Right before Yom Kippur, my husband and I put a deposit on two burial plots. We paid with a credit card (we need the frequent flyer miles for cargo) and received word that our eternal real estate in Israel was in process. In case our prayers were not effective, we had an alternative.
In my work as a Jewish adult educator, I constantly speak with people who are poised to change. Often a significant life event prompts them to return to learning — the bar mitzvah of a son, divorce, the death of a parent, the intermarriage of a child — as an anchor at a time of personal upheaval and as an opportunity to grow. Adults negotiate an alarming number of fears, from job loss to rejection in relationships. We seek higher education at a time of fear and disjuncture as a place to find answers to questions that may not be answerable. We seek inspiration.
In this week’s Torah reading, Joseph brings his family down to Egypt to live in the land of Goshen and enjoy relief from the famine in Canaan. He tells his brothers to send a personal invitation to his father. However, the invitation is marked by irony, a telling word play and a sad statement of family distance.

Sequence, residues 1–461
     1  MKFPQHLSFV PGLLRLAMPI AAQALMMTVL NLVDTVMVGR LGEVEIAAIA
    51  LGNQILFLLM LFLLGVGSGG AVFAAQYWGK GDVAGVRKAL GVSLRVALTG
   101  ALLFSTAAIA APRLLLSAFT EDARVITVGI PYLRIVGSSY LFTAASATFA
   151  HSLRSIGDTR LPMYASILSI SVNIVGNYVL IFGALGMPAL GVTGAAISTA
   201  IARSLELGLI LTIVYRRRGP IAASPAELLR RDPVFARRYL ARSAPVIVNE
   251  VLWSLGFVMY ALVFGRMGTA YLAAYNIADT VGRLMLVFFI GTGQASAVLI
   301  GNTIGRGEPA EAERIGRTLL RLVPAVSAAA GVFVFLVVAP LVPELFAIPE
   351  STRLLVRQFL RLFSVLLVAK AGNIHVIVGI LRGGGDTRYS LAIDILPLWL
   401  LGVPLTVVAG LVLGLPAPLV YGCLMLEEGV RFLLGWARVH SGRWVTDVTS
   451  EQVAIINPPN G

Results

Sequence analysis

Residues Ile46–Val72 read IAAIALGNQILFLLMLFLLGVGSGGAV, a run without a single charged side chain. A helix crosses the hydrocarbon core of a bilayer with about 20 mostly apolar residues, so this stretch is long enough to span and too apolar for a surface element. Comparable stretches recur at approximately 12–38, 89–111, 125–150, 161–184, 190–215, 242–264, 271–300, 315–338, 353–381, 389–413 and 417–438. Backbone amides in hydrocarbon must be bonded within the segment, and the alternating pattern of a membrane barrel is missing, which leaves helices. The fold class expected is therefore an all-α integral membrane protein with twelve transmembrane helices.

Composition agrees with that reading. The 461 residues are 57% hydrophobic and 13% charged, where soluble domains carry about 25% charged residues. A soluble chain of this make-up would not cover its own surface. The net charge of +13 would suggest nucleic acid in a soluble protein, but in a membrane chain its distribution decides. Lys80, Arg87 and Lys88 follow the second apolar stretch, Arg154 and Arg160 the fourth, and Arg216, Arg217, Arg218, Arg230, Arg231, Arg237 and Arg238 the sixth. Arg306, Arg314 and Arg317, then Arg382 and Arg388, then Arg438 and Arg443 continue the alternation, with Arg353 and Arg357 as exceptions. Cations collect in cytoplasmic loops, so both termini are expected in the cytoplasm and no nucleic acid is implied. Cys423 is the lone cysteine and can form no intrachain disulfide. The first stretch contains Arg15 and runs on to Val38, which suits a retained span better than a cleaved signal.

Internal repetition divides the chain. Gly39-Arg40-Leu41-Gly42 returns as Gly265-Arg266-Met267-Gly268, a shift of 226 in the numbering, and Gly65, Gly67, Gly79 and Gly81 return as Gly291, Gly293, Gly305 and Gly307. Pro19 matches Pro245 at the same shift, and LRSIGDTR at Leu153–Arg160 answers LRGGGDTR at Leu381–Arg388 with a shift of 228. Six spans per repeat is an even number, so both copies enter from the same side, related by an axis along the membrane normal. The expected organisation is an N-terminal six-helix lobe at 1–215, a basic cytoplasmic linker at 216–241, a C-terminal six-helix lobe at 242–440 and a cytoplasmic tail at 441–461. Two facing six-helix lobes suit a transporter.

In 1999, Dr. Ismar Schorsh, then chancellor of the Jewish Theological Seminary, made a rather unfortunate observation. He claimed that Conservative Jews who observe the Three Weeks, a period of collective mourning for the Temples’ destruction and all subsequent calamities, was about as rare as a polar bear at the equator.
The word “peoplehood” is a relatively new and highly contested term in the lexicon of Jewish life, having something to do with identity, ethnicity, belonging and membership. The supplement to the Oxford English Dictionary acknowledged it as a word as long ago as 1983, but, as any spell-check reveals, it is not considered a word quite yet by Microsoft. Will it ever be a real word for the Jewish community? Having co-authored a book on the subject, I’m still not sure.